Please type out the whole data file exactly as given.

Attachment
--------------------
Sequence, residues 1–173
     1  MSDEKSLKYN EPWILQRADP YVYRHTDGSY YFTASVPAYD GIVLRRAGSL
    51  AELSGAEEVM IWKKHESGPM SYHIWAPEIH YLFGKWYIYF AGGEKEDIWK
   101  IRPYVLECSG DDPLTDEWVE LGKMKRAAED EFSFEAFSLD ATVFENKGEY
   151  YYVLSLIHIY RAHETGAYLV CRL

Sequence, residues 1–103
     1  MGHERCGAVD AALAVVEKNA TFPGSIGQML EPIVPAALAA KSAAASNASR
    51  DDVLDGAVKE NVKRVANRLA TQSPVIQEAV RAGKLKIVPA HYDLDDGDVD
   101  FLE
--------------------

Sequence, residues 1–173
     1  MSDEKSLKYN EPWILQRADP YVYRHTDGSY YFTASVPAYD GIVLRRAGSL
    51  AELSGAEEVM IWKKHESGPM SYHIWAPEIH YLFGKWYIYF AGGEKEDIWK
   101  IRPYVLECSG DDPLTDEWVE LGKMKRAAED EFSFEAFSLD ATVFENKGEY
   151  YYVLSLIHIY RAHETGAYLV CRL

Sequence, residues 1–103
     1  MGHERCGAVD AALAVVEKNA TFPGSIGQML EPIVPAALAA KSAAASNASR
    51  DDVLDGAVKE NVKRVANRLA TQSPVIQEAV RAGKLKIVPA HYDLDDGDVD
   101  FLE